For many, a trip to the home of the Masters Tournament is tantamount to a religious experience. For James, now age 22, the Augusta, Ga., course plays a prevalent role in her life and golf career even though she has never visited the treasured Alister Mackenzie-designed course on Washington Road.
“My parents didn’t have a name picked out for me,” James said. “So my dad was watching the first round on TV and suggested the name. I guess I’m fortunate that it happened. It’s really cool, but somehow nobody ever remembers my birthday.”
Her father, Geoff, now the golf professional at Loyalist Country Club near their Lake Ontario village home of Bath, and golf enthusiast mother Jean must have known what was to come. Younger brother Austin also got the golf bug, as he is entering his junior season on the golf team at Charleston (S.C.) Southern University.
“Back then you had to stay in the hospital overnight and I was running around the hospital trying to rent a TV to see the first round of the Masters,” said Geoff James, who was then a police officer. “That day was the first time we discussed naming her Augusta. It was just spur of the moment.”
James was introduced to golf at age 5 and by age 8, Augusta was shortened to Gus “because Augusta is sort of a long first name,” she said. James took most winters off to play other sports, but golf was quickly the first choice. She earned a spot on four Canadian National Teams and two World Amateurs, most of the time in tandem with Smiths Falls sensation Brooke Henderson.
When college choices came up, warmer year-round weather was a focus. A handful of Canadian men had matriculated to Raleigh, N.C., and North Carolina State University. Plus, her family had often vacationed in golf hotbed Myrtle Beach, S.C., and her grandparents had a home in nearby Florence, S.C. An All-ACC performer for the Wolfpack, she also won the 2014 Canadian Women’s Amateur one week before Austin captured the Canadian Boys Junior, making them the first siblings to win national titles in the same year.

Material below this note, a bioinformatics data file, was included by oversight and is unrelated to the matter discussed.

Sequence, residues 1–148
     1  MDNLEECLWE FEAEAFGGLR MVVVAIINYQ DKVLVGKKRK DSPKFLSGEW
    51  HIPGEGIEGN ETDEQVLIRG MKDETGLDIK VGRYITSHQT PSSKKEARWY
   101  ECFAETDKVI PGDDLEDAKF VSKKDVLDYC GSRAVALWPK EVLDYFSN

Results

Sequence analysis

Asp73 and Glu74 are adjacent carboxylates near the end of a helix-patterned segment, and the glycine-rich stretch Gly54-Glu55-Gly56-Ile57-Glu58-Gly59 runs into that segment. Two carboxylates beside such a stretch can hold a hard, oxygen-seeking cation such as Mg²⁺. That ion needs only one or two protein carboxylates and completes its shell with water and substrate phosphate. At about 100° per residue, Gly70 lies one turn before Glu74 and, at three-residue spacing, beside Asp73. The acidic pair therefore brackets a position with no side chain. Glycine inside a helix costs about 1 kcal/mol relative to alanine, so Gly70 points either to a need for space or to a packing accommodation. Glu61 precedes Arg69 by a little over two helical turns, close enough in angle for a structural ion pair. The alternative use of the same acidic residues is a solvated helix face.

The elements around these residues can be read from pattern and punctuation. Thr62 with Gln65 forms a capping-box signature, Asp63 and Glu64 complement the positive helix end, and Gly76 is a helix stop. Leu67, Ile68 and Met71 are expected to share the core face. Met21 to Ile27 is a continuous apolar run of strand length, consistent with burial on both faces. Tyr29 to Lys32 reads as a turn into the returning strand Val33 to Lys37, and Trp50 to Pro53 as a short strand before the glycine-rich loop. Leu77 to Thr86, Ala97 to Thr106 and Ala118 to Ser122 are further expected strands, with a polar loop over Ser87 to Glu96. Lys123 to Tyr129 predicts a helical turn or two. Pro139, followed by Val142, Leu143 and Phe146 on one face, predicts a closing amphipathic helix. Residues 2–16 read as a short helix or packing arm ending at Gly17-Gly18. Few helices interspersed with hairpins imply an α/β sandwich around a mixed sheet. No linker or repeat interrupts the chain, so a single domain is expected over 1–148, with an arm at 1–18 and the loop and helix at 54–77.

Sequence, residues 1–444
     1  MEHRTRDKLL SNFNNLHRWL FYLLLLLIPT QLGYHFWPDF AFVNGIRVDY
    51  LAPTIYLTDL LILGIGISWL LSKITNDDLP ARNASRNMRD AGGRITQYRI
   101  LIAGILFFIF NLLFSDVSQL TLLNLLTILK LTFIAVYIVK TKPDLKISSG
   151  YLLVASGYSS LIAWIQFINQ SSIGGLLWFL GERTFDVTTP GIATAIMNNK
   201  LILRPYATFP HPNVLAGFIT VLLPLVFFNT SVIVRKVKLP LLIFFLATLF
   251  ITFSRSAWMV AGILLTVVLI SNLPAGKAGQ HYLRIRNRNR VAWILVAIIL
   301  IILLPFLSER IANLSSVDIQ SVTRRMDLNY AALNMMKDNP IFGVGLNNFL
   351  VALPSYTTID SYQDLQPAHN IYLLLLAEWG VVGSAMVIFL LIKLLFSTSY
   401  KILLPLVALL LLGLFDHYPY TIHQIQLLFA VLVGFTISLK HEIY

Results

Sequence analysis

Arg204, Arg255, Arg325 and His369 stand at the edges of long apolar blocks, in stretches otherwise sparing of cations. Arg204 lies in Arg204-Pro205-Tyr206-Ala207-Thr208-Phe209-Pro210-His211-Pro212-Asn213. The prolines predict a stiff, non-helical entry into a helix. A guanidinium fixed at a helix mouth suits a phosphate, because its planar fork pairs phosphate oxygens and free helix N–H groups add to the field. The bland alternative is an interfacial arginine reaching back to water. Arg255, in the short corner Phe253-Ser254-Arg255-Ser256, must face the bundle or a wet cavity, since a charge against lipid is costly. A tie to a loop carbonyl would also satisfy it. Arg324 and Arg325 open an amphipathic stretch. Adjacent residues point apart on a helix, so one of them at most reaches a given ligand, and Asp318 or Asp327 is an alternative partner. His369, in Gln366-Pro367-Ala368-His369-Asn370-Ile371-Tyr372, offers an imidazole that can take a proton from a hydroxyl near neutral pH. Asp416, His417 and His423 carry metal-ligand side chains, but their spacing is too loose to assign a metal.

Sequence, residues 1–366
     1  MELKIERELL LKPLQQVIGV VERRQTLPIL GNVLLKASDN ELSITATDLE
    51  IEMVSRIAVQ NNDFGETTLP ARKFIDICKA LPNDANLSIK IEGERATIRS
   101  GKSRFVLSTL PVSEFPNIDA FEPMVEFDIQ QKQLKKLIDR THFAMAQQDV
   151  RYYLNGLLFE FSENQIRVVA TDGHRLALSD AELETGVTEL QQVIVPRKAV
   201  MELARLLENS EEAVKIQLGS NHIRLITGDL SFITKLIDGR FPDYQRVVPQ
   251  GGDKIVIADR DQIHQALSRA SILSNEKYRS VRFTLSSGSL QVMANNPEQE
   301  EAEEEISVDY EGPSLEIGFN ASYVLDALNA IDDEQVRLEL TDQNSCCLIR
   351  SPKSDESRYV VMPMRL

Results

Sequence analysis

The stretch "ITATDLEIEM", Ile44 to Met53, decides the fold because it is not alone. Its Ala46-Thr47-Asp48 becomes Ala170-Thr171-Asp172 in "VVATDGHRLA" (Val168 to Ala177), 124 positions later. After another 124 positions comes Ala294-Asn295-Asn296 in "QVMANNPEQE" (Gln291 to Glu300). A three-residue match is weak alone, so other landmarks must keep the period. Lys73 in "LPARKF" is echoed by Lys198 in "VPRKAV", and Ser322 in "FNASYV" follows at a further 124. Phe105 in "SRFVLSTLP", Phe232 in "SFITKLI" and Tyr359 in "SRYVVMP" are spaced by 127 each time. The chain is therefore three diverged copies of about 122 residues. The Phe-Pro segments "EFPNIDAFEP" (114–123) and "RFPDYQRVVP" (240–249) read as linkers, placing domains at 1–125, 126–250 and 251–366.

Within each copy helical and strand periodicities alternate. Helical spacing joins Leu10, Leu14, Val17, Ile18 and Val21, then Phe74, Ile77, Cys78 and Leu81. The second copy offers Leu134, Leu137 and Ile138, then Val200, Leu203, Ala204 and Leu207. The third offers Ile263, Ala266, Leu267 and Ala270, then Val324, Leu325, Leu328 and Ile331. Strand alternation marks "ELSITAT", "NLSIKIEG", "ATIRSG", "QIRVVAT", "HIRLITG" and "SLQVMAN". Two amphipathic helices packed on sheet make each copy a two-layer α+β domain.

James made the decision to leave college one semester early after qualifying for the Symetra Tour via last fall’s LPGA Qualifying Tournament.
Yet, her first professional start was a bit of a rude awakening. At the season-opening Gateway Classic in Mesa, Ariz., James shot 72-69 and was in position for a good paycheck. However, in the final round she signed for an incorrect score and was disqualified.
“I realized it later that night and let the Symetra Tour know what had happened,” James said. “I figured out that my paycheck would have been for about $850. It was certainly a tough start. But it was a lesson better learned for $800 instead of $80,000 later in my career. I hadn’t been used to collecting paychecks yet, so the financial part of playing golf hadn’t really sunk in yet.”
Two months later, her Augusta connection took ahold of her again. She practiced in Raleigh the first week of April and drove to Harmony, Fla., for a Suncoast Tour mini-tour event. She finished fourth, four strokes behind LPGA player Ryann O’Toole, shooting a 67 on her 22nd birthday in the final round. She celebrated by watching Jordan Spieth roll to the Masters title that weekend before moving to the Symetra Tour event in Ft. Myers. In the Chico’s Patty Berg Memorial, James played with World Golf Hall of Famer Betsy King and Barb Mucha. She closed with a 67 that included birdies on five of the first six back-nine holes for her first professional victory as she ascended to the top of the Symetra Tour money list.
“It was two weeks where I was really happy where my life was,” James said. “That’s so important. I attribute a lot of that success to just my state of mind.”
Just one month after the win, James lost a playoff at the Symetra Classic in Charlotte, N.C., to China’s Haruka Morita-WanyaoLu to further solidify her lofty position on the Symetra Tour. Through the end of June, James was leading the Symetra Tour in Driving Accuracy at 89 percent. Still, she is focused on the remainder of the season, a key ingredient deciphered from working with World Golf Hall of Famer and Canadian Marlene Streit.
“I’ve learned you don’t get breaks out here,” James said. “It’s only halfway through the season. There’s a lot of golf to be played.”
As for that first trip to Augusta National? Geoff said that’s possibly in the works.
“It’s on our bucket list,” he said. “We’ve just got to get all of our schedules coordinated. It will happen one day.”